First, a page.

Jenny's dig regardless, I started thinking about re-seasoning the old Dutch oven a few days later. The old layer was starting to peel away in places and there was a rusty blush growing on the underside of the lid. It was around that time my father called to tell me about an article on the very same topic in "Cook's Illustrated" magazine that was supposed to revolutionize the way cast iron should be seasoned.
Now, "Cook's Illustrated," in case you don't already know, is the greatest thing to home cooks since sliced bread. The magazine tackles just a few recipes and techniques in each issue, with tons of text on the trial-and-error process that led to the perfection of the final result, which, almost always, works beautifully in my kitchen. There are honest and thorough produce reviews and ingenious tips for convenience in the kitchen and pantry. Add to that the fact that publisher and editor Christopher Kimball is a hunter and often writes beautifully of that pursuit in his letter from the editor and I simply cannot give the publication higher praise.
The staff at "Cook's Illustrated" called blogger Sheryl Canter's seasoning technique for cast iron "ultimate" and that was good enough for my dad and me.
First, a word on seasoning. Cast iron is a desirable material for cookware because it distributes heat evenly and holds it better than any other metal or compound used in making pots and pans. Unless it is "seasoned," however, cast iron is decidedly "stick." To make it non-stick, you must treat the cast iron with several layers of natural oil and heat. The heat causes the omega-3 fatty acids in the oil to combine into a strong coat that gives well-seasoned cast iron pots and pans their smooth, shiny black look.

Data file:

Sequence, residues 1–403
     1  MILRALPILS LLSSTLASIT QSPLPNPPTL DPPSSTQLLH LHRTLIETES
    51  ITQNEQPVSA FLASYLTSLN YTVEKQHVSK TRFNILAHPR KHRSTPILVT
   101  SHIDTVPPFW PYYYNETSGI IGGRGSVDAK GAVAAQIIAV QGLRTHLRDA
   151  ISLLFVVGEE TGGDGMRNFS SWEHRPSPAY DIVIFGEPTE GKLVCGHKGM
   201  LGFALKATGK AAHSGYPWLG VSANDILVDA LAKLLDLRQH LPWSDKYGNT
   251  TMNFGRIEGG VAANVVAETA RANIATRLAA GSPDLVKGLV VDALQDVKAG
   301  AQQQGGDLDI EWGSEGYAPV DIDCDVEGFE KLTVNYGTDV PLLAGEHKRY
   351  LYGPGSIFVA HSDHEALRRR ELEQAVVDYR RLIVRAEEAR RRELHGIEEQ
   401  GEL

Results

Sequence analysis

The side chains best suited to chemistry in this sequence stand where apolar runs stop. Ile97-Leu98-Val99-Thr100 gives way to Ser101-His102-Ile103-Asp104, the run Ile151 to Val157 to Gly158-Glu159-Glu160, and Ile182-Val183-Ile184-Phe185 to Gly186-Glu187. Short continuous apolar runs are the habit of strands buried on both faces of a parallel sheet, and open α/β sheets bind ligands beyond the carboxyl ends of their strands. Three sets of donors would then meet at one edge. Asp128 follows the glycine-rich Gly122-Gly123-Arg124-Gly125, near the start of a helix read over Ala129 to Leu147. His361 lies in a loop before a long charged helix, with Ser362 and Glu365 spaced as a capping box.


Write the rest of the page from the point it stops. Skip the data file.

|This Dutch oven needs love.|
|Stripped down after three rounds with the oven cleaner.|
Now, instead of vegetable oil, the "ultimate" technique calls for flaxseed oil, which has six times the amount of omega-3 fatty acids as "old reliable" and forms a polymerized bond that is supposed to withstand the rigors of a run through the dishwasher and come out unscathed. Such a boast is practically unbelievable to me, (I'm used to cast iron pans that rust in 30 seconds if you don't dry the water residue immediately) but since it's the "ultimate," I paid the $15 for a 12-ounce bottle of flaxseed oil at the local health food store.
I took my stripped Dutch oven and placed it, as instructed, into a 200-degree oven for 15 minutes to "open the pores" of the metal for a better bond. Then I applied a teaspoon of flaxseed oil (well shaken to stir up those all-important lignans) and wiped it into a thin layer the interior of the pot. I applied a similar layer to the lid and cranked the oven up to 550 degrees. When the oven came to temperature, I placed the pot and lid on the middle rack and let it rip for one hour. A word of caution: Ovens operating at such high temps for long periods tend to smoke. Make sure you can open some windows or disable the smoke detectors before you start. If you're married to someone (like I am) with a low tolerance for kitchen smoke, do NOT attempt this while they are at home.
|Patches of cast iron showing through?|